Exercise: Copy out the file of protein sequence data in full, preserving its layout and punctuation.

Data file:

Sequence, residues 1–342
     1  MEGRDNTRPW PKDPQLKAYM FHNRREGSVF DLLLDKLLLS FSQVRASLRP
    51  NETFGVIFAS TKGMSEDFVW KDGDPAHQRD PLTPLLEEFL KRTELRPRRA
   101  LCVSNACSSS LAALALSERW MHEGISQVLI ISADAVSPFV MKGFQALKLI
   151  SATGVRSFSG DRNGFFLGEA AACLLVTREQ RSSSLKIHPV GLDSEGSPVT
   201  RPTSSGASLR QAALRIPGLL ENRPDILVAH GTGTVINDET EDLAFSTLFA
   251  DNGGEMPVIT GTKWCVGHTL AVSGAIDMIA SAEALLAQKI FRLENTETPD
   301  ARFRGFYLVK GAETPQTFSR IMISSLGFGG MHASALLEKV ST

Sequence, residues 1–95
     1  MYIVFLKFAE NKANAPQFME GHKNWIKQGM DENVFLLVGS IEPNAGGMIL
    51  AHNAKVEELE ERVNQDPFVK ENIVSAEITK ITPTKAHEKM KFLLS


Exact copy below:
Sequence, residues 1–342
     1  MEGRDNTRPW PKDPQLKAYM FHNRREGSVF DLLLDKLLLS FSQVRASLRP
    51  NETFGVIFAS TKGMSEDFVW KDGDPAHQRD PLTPLLEEFL KRTELRPRRA
   101  LCVSNACSSS LAALALSERW MHEGISQVLI ISADAVSPFV MKGFQALKLI
   151  SATGVRSFSG DRNGFFLGEA AACLLVTREQ RSSSLKIHPV GLDSEGSPVT
   201  RPTSSGASLR QAALRIPGLL ENRPDILVAH GTGTVINDET EDLAFSTLFA
   251  DNGGEMPVIT GTKWCVGHTL AVSGAIDMIA SAEALLAQKI FRLENTETPD
   301  ARFRGFYLVK GAETPQTFSR IMISSLGFGG MHASALLEKV ST

Sequence, residues 1–95
     1  MYIVFLKFAE NKANAPQFME GHKNWIKQGM DENVFLLVGS IEPNAGGMIL
    51  AHNAKVEELE ERVNQDPFVK ENIVSAEITK ITPTKAHEKM KFLLS